This comment is oddly prescient. Yesterday, I downloaded several books from libgen.info. Today, when I attempted to do so a bit more, I find that libgen.info is gone. library.nu and libgen.info were the best, or perhaps only decent book pirating websites. Now there is basically nowhere to get free pirated books online.

Edit: And now I find that this comment is premature; libgen.info is back up. Shocking scare, though.
Edit: And now I see that previous edit was premature; libgen.info is down again.
Edit: It is back up. I give up.

Comment author: dugancm 30 May 2012 10:24:10PM 2 points [-]

I was not aware of this rumor. How did you come to the conclusion it is widespread, and why do you think it's worth taking seriously?

Comment author: diegocaleiro 01 June 2012 05:55:18PM 1 point [-]

Several P2P websites were taken down, some, like piratebay, had to change location. Most important I think is that the old Gigapedia, which became Library.nu went down. It probably had the best books online. Things are scattering now. It is widespread in Brazil where I live (though websites are down everywhere). I also noted it on the SI fellows list. I think it is a cheap time effort investment to take it seriously.

Comment author: dbaupp 31 May 2012 12:41:12PM 0 points [-]

There is at least one community that does (properly) free audiobooks: LibriVox. However, they are restricted to public domain works, so their catalog is restricted (it consists mostly of old works that have gone out of copyright).

They have a fairly large number of audiobooks categorised as non-fiction (although the bible appears to be put in this category). Also, the free restriction means that modern/up-to-date courses are likely to be hard to come by (that said, I don't really know that much about LibriVox's catalog, and I'd be very happy to be proved wrong).

Comment author: Jabberslythe 30 May 2012 10:16:22PM 0 points [-]

If you spend enough time looking you can find some higher level stuff. But, yeah, unfortunately I mostly end up listening to intro stuff of various disciplines.

Things seem to be getting worse for internet piracy, but if you use stuff to hide your IP and go to private torrent sites things will probably still be great.

Comment author: Dr_Manhattan 04 June 2012 02:03:55PM *  0 points [-]

Some personal experiences:

  • huge fan of audiobooks, there are lots of good ones, and you can pretty much search for them like regular books - very good % have audio versions at this point (thank the ipod). check Audible.com. Obviously books that have significant math or charts are a non-starter, but many good psych/business/biographies/history and popular science are available, not to mention fiction.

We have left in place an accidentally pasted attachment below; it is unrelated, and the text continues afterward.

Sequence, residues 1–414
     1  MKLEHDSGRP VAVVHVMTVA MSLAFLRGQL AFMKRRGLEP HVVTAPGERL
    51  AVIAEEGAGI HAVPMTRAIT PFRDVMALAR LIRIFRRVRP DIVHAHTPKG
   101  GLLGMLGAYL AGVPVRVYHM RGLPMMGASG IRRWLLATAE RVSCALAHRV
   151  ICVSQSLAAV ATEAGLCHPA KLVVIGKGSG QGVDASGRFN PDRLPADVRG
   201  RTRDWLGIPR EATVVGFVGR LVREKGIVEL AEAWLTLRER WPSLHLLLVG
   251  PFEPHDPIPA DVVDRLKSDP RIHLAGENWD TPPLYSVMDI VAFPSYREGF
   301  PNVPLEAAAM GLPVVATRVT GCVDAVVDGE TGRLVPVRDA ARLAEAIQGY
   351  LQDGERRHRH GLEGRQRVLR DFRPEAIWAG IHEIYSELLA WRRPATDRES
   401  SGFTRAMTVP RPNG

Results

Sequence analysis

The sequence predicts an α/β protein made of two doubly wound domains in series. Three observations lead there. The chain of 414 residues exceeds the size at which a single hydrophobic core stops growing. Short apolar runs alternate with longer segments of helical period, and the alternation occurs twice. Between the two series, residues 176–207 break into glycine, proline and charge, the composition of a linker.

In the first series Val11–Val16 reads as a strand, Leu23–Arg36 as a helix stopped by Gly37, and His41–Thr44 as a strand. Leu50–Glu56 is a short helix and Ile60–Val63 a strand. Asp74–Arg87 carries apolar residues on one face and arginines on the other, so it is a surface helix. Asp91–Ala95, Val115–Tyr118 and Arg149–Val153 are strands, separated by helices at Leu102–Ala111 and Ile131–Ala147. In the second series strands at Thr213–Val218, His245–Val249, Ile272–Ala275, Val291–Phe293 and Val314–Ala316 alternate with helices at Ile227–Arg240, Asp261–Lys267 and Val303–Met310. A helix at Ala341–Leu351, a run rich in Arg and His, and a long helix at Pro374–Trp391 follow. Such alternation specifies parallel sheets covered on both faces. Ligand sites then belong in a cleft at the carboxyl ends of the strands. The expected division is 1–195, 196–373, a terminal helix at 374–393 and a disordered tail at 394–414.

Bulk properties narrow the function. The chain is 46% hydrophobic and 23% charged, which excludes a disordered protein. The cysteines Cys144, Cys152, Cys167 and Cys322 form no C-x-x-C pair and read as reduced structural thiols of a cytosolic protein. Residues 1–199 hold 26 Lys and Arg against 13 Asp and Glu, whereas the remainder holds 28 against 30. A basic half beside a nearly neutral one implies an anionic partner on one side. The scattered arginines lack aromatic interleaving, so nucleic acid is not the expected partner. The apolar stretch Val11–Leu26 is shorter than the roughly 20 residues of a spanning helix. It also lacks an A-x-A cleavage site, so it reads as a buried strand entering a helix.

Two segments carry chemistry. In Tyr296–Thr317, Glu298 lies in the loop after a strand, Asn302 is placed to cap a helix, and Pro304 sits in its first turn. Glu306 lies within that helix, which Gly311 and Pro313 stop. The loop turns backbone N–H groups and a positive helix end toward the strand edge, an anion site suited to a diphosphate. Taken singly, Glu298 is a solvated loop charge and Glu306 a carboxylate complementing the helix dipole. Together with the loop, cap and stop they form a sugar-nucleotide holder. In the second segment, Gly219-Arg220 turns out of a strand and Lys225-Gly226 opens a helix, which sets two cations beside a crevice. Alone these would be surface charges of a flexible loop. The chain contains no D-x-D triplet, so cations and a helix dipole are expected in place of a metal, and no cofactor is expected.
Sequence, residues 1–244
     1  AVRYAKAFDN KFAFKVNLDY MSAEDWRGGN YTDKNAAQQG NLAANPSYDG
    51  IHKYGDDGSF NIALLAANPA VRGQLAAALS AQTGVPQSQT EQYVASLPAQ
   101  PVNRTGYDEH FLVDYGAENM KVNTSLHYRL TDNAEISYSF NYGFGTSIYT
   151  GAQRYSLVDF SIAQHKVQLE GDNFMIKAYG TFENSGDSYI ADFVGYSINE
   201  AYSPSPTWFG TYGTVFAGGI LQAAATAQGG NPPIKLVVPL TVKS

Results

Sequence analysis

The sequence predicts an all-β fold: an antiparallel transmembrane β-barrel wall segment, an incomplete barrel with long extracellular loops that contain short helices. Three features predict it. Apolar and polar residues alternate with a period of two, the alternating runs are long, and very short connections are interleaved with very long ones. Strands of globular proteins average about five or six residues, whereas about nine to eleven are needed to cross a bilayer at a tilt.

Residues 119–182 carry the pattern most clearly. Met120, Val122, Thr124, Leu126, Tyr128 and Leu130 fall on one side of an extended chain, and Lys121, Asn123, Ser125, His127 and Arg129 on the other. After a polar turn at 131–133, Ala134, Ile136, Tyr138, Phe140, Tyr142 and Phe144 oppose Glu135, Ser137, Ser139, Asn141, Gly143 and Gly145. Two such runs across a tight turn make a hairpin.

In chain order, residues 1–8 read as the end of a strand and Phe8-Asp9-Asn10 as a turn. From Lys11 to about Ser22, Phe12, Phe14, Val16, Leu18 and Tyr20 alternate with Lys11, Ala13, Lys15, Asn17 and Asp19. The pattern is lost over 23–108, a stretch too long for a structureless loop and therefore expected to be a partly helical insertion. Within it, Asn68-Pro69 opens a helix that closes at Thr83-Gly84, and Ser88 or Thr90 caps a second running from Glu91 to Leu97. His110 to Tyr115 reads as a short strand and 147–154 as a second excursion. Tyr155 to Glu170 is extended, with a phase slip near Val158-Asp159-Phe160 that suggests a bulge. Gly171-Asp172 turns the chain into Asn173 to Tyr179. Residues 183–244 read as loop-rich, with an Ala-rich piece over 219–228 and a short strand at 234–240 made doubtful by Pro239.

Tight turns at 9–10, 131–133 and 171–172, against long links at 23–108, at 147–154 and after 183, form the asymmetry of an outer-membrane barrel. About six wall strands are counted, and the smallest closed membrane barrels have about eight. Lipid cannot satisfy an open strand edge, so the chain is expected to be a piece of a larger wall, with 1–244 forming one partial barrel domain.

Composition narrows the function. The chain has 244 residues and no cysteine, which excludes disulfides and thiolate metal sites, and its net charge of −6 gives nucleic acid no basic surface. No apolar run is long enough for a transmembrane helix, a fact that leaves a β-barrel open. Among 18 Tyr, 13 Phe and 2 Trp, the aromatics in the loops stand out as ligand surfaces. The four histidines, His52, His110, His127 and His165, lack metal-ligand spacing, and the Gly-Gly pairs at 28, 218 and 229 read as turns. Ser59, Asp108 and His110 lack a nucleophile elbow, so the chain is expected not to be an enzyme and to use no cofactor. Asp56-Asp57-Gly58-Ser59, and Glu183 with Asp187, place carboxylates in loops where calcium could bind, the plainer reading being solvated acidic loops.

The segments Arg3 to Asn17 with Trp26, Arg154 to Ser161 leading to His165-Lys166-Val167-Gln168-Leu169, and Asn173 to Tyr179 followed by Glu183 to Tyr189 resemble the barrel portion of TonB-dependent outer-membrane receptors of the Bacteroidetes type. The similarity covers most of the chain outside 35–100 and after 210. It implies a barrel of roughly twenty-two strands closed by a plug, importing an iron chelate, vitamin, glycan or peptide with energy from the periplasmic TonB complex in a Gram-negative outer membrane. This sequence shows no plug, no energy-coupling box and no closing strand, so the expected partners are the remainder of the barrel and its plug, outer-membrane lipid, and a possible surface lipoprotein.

• try changing speed settings. my setup is audible app on the iphone, it supports cloud storage (convenient) and has up to 3x speedup. I listen to non-fiction at 3x easily at this point (and can probably do 4x if they make it available), and fiction at 1.5 (1x feels slow at this point, so it seems I overclocked my brain a bit!)

Audiobooks are great for commute and other situations that require your bodily presence but not your brain (shopping, etc). They reduce my annoyance/stress level dealing with these things.

Comment author: folkTheory 01 June 2012 09:22:50PM 0 points [-]

So which audiobooks would you recommend?

Comment author: erratio 31 May 2012 04:33:32PM 0 points [-]

One problem I face with audiobooks is that I find it much harder to focus on the material. I keep catching myself drifting away even when the material is really interesting. If any of you have a similar problem, how did you address it?

Comment author: Jabberslythe 01 June 2012 04:34:47AM *  1 point [-]

I zone out occasionally, but that happens when I read as well. One way to get around that would be to listen to books continuity isn't especially important so that losing your place will not be as costly.

Comment author: pragmatist 31 May 2012 07:22:22PM 0 points [-]

I've found that it's easier for me to focus when I speed up the audiobook's playback sufficiently that I have to exert some small effort to follow what's going on. The Audible app on the iPhone lets you speed up the playback up to 3x. I now listen to all my audiobooks at that maximum speed. As an added advantage, you get through a lot more material.

The cost of this technique is that the extra attention required might preclude you from effectively performing some of the manual tasks listed as benefit (1) in the post. I usually only listen to audiobooks while I'm working out, walking somewhere or using public transport.

Comment author: diegocaleiro 01 June 2012 05:57:54PM 1 point [-]

Another idea is to make it easily rewindable (I presume such word doesn't exist, but you get the gist). In my car, there are several moments when I need to go back a few minutes.